There is a continuously strengthening trend in the qualified international tax planning industry in the last twenty years to change the classical offshore structures to those one which although guaranty the low taxation further on, however indemnify the clients from the shadow of the offshore image. Hungary can certainly be one of the good solutions. The first thing to know about the structures will be introduced below is that those are not particular Hungarian patents or inventions. Most of those can be found in the tax system of other EU member countries (e.g. Austria, Bulgaria, Cyprus, Luxembourg, Malta) as well. However two features make the “Hungarian solution” quite unique:
structures in question, however the synergy come from the combination of the structures can be exploited only in Hungary, Cyprus and with some limitation in Malta;
The entire lack of any offshore connotation, or in other words the fact that Hungary – contrary to e.g. Cyprus, Luxembourg or Malta (although the scope of the tax advantages are more or less the same) – was never considered by the international “tax public opinion” as “offshore country” just as was never black listed by the national governments and their multinational organisations (e.g. OECD/FATF). This fact may create the image of the “safe harbour” which results better starting position to the country.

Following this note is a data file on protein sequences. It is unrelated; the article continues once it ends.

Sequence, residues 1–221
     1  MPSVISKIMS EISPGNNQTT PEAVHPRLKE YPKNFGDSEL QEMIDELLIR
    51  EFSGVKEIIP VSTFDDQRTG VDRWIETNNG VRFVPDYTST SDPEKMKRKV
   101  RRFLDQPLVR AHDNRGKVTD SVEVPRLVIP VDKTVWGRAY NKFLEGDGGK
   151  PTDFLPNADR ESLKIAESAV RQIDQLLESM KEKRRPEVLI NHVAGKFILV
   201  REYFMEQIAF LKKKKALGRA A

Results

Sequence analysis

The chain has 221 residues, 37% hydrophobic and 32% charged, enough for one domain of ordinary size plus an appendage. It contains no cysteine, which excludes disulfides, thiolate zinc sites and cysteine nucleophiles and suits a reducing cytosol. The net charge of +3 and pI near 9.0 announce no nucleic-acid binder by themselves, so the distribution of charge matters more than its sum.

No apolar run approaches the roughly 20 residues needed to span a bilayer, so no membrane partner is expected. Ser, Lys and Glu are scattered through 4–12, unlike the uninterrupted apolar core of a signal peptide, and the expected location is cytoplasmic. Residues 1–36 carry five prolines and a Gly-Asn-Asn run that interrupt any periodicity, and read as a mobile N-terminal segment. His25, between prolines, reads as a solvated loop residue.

It is also worth to mention that the real attraction of the following structures is not in pure itself, but much rather in their build in to the network of more than seventy bilateral Double Tax Treaties and similar number of Investment Protection Agreements.